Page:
Nicolas-Guy Turbide puts 100-metre backstroke behind him

Canadian Paralympic Committee

August 01, 2023

Focus now is on 50 freestyle for world champion


MANCHESTER, England – Back and neck injuries have forced double Paralympic Games medallist Nicolas-Guy Turbide to put aside his prime event – the 100-metre backstroke for the foreseeable future.

The S13 visually impaired swimmer from Quebec City reached the pinnacle of his sport in the 100 back last year with a gold medal at the world championships in Madeira, Portugal.

His rise to the top in the 100 back was very progressive. It started way back when he was 16 at the world championships in Montreal with a sixth-place finish.

 In 2015, he reached the final again with a fifth at the worlds in Glasgow. A year later, the international rise continued at the 2016 Paralympic Games in Rio, where he won bronze. Three years later, Turbide was a silver medallist at the world championships in London. He repeated the exploit at the Games in Tokyo in 2021.

Then victory in Portugal. But it came at a cost.

‘’The 100 back and 50 free were on consecutive days last year and I was so injured after the 100 back that I withdrew from the 50 free,” he recalled. ‘’My back and neck had seized up the next morning. After the tests there was something not normal and I wasn’t feeling well either.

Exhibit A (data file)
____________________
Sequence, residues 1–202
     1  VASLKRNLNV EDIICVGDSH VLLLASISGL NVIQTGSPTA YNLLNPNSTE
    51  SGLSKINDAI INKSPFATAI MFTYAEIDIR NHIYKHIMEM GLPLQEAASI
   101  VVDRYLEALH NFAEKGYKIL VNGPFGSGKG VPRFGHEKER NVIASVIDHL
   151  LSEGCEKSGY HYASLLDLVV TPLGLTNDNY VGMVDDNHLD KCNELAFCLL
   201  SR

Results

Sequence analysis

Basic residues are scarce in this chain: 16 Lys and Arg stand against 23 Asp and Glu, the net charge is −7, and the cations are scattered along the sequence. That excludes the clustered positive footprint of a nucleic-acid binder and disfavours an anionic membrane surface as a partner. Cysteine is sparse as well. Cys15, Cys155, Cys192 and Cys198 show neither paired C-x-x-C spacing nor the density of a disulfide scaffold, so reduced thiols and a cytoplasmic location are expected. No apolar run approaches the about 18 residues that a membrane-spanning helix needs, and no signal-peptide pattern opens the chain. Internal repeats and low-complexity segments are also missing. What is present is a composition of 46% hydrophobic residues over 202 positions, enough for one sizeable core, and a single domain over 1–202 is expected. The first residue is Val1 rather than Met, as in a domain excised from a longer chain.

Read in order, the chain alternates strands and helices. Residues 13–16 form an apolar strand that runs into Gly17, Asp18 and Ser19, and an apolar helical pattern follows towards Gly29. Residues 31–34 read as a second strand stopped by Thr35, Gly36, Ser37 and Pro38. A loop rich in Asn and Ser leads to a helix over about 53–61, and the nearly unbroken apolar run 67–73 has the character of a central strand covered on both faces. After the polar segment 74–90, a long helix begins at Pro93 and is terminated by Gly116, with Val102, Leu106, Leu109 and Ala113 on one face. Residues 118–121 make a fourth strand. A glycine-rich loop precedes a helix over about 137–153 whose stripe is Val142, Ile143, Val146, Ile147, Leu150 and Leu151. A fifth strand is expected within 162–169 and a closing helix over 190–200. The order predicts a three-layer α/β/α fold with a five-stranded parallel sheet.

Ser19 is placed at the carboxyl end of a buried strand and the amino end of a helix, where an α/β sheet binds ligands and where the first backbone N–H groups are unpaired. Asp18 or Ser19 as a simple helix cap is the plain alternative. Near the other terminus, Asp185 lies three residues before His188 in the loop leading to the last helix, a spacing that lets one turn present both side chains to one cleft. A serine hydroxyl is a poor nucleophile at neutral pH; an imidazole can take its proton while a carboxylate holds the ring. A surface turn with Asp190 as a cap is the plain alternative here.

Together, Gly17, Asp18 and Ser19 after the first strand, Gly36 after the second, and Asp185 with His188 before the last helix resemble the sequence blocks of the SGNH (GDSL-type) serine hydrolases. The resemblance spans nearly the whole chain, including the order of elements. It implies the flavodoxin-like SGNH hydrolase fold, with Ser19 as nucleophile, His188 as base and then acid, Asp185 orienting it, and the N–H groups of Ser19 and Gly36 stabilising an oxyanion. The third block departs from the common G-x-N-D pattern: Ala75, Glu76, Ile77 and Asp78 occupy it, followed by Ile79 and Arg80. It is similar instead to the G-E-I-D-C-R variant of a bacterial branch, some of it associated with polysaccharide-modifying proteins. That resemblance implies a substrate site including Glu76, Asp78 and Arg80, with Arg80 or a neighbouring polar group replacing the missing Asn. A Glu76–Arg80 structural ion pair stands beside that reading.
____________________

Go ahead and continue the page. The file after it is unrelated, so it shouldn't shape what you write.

“At that point I felt I’d reached my objectives in the 100 back although I’m not saying I’ll never swim it again but my back needs time to recuperate.”

However, Turbide feels he still has the potential to make a run internationally in the 50 freestyle and he will race in the event on Friday at this week’s Manchester 2023 Para Swimming World Championships .

‘’For me, it’s really exciting to try and get a personal best performance in the 50 free this week and make my mark in preparation for the Games in Paris next year,’’ said Turbide, who will also complete his bachelor’s degree in administration with a concentration in financial consulting at Université Laval this winter.

‘’You don’t train for the 50 like a 100-metre event. It’s high intensity training with less repetition which is again good for my body. There’s less mileage and no turns, and I can already perform it at the international level.’’

As a future financial analyst, it appears Turbide can already make wise decisions.



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